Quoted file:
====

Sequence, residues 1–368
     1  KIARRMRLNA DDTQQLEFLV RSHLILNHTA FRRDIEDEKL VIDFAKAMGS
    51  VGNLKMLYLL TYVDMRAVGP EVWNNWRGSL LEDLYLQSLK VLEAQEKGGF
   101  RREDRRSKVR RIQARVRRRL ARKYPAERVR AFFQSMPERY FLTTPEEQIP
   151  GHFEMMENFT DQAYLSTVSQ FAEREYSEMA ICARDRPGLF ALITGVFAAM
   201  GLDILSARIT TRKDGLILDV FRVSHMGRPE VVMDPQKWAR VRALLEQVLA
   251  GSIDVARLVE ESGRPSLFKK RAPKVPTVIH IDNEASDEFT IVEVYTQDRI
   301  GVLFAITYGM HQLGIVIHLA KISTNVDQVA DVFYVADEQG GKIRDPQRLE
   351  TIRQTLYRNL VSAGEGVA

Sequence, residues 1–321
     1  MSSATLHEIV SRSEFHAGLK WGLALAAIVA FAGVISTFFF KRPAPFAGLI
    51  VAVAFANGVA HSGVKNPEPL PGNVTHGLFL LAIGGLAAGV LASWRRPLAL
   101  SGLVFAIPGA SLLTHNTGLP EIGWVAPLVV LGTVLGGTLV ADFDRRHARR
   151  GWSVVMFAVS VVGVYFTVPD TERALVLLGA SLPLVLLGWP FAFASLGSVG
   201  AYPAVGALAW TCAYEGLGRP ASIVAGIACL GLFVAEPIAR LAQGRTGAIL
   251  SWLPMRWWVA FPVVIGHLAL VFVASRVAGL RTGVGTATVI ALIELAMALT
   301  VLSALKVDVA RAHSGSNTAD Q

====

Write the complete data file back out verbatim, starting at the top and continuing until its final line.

Sequence, residues 1–368
     1  KIARRMRLNA DDTQQLEFLV RSHLILNHTA FRRDIEDEKL VIDFAKAMGS
    51  VGNLKMLYLL TYVDMRAVGP EVWNNWRGSL LEDLYLQSLK VLEAQEKGGF
   101  RREDRRSKVR RIQARVRRRL ARKYPAERVR AFFQSMPERY FLTTPEEQIP
   151  GHFEMMENFT DQAYLSTVSQ FAEREYSEMA ICARDRPGLF ALITGVFAAM
   201  GLDILSARIT TRKDGLILDV FRVSHMGRPE VVMDPQKWAR VRALLEQVLA
   251  GSIDVARLVE ESGRPSLFKK RAPKVPTVIH IDNEASDEFT IVEVYTQDRI
   301  GVLFAITYGM HQLGIVIHLA KISTNVDQVA DVFYVADEQG GKIRDPQRLE
   351  TIRQTLYRNL VSAGEGVA

Sequence, residues 1–321
     1  MSSATLHEIV SRSEFHAGLK WGLALAAIVA FAGVISTFFF KRPAPFAGLI
    51  VAVAFANGVA HSGVKNPEPL PGNVTHGLFL LAIGGLAAGV LASWRRPLAL
   101  SGLVFAIPGA SLLTHNTGLP EIGWVAPLVV LGTVLGGTLV ADFDRRHARR
   151  GWSVVMFAVS VVGVYFTVPD TERALVLLGA SLPLVLLGWP FAFASLGSVG
   201  AYPAVGALAW TCAYEGLGRP ASIVAGIACL GLFVAEPIAR LAQGRTGAIL
   251  SWLPMRWWVA FPVVIGHLAL VFVASRVAGL RTGVGTATVI ALIELAMALT
   301  VLSALKVDVA RAHSGSNTAD Q